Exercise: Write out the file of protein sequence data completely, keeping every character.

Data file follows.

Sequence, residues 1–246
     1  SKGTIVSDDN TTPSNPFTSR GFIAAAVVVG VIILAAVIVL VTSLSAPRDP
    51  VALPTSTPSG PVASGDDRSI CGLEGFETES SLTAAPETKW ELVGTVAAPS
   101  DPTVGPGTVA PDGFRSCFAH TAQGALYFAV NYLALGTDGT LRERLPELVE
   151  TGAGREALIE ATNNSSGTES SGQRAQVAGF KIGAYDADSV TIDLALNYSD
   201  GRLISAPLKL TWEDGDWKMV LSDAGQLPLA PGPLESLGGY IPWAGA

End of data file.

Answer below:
Sequence, residues 1–246
     1  SKGTIVSDDN TTPSNPFTSR GFIAAAVVVG VIILAAVIVL VTSLSAPRDP
    51  VALPTSTPSG PVASGDDRSI CGLEGFETES SLTAAPETKW ELVGTVAAPS
   101  DPTVGPGTVA PDGFRSCFAH TAQGALYFAV NYLALGTDGT LRERLPELVE
   151  TGAGREALIE ATNNSSGTES SGQRAQVAGF KIGAYDADSV TIDLALNYSD
   201  GRLISAPLKL TWEDGDWKMV LSDAGQLPLA PGPLESLGGY IPWAGA